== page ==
The birdwatchers heading down the track at Gluepot in 2006 would have sympathised with Professor Cleland. The occurrence of Scarlet-chested Parrots (among 17 other nationally threatened bird species) was one of the reasons for the purchase of this magnificent piece of almost virgin mallee. The reason for their visit was that Scarlet-chested Parrots had appeared and remained for a length of time for only the second time in the nine years the property had been a Reserve.

In recent times, the first recorded sighting at Gluepot was of an immature bird in 1997. It wasn’t until the drought year of 2002 that a small flock of up to 11 birds started frequenting the area around the homestead dams. They remained for over two months, and many birdwatchers made the trip from Adelaide, Melbourne, Perth, Canberra and Queensland to view the elusive parrots. Yet the birds were very selective and seemed to appear only under certain conditions. They were evident only on the hottest days and disappeared at the slightest amount of rainfall or a cooler weather. A number of interstate travelers left without a ‘tick’ to their list. Then the birds would return again, feeding on the yellow and red berries of Ruby Saltbush, or perhaps drinking dew as has been claimed in the literature.

Prior to water infrastructure development at the station, Scarlet-chested Parrots seemed to find refuge there in drought years. Although the sea is 170 km away as the crow flies, it is theorised that summer sea breezes bring just enough moisture for dew to form on the sparse vegetation in gypsum pans, which are a few metres lower in elevation than the general topography. A study into this phenomenon was instigated in the 1970s, but never completed or written up. Interestingly, during the 2002 drought, no-one ever saw a Scarlet-chested Parrot descend to drink at the little water that was left in the drought-affected dams. After the 2002 sightings and an incidental sighting in 2003, the birds were not seen for three years. But in late summer of 2006, the birds returned to Gluepot. A flock of at least 30 was recorded on a number of occasions. As autumn progressed, up to 10 birds were regularly seen in an area just 2 km west of he 2002 sightings. The birds kept returning the same area of low, shrubby Acacia over •are soils, with the occasional mallee and Sugarwood tree surrounded by spinifex-clad dunes with a mallee overstorey.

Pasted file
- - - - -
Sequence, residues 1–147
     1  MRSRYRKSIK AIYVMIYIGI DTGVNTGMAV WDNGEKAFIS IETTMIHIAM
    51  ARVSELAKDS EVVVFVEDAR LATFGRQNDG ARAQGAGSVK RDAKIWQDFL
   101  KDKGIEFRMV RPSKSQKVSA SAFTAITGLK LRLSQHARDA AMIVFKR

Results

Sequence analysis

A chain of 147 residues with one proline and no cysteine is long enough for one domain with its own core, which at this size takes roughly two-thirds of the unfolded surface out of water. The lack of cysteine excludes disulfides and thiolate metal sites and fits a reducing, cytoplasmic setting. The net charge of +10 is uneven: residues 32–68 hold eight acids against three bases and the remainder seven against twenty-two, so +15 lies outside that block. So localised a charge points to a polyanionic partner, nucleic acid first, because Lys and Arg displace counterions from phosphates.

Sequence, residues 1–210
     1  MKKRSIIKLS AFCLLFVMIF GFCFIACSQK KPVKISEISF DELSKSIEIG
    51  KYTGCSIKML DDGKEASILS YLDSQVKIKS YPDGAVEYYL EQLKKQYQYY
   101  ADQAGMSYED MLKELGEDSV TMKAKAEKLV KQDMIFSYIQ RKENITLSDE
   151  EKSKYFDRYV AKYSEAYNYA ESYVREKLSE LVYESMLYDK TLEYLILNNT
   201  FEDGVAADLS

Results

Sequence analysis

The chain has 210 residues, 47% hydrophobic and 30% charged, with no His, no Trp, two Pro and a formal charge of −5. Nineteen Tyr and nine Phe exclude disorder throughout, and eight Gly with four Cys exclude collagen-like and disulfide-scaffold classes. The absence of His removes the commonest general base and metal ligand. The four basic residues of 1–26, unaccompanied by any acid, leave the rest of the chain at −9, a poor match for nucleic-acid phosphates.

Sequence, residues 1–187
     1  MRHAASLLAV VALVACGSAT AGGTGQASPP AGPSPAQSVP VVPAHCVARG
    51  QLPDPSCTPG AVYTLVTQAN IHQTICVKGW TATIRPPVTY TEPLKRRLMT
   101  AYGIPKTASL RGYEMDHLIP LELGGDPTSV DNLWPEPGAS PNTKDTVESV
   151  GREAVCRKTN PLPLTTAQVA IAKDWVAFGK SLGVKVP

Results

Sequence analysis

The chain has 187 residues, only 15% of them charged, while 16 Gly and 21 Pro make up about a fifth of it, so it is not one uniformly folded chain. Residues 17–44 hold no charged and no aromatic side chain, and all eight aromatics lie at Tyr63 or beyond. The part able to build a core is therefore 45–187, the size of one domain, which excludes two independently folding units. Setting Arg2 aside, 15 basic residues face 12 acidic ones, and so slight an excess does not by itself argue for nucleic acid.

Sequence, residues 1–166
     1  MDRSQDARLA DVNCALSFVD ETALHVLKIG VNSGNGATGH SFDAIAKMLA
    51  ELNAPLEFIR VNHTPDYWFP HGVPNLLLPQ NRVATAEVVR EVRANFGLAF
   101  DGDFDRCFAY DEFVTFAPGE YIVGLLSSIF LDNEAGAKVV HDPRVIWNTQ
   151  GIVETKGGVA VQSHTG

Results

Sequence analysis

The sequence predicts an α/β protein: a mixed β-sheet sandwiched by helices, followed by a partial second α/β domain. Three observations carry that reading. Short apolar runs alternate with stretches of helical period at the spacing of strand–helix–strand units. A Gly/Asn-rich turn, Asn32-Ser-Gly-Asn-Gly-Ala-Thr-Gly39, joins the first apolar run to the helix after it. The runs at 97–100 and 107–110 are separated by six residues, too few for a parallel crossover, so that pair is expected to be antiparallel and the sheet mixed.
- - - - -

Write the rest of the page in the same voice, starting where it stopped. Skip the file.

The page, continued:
Scarlet-chested Parrots are quiet birds that feed on the ground, mainly on the seeds of grasses and herbaceous plants. In 2006, they were observed eating the seeds of Toothed Raspwort, amongst other plants. When feeding, they are usually in isolated pairs or all groups and may easily go unnoticed unless flushed. The parrots seen during the 2006 event included males, females and immatures.

Obviously, breeding had occurred somewhere, perhaps even on the Reserve.

At Gluepot, the sun had risen and the dew was shimmering on the leaves of the low shrubs as observers started traversing the open area. After half an hour’s unsuccessful search, they thought they might have arrived too late. Was it too wet us a result of the fog? Like Professor Cleland half century ago, were they also going to miss seeing his elusive bird? As the small group approached nearby bird hide, there was a flutter of wings and a flash of red and yellow. Binoculars rose and locked onto four brilliant Scarlet-chested Parrots in rapid flight, producing a soft tinkling call in the still air, their wings showing yellow and blue. The parrots landed not far away and were soon in view again. The excitement amongst the birdwatchers was evident.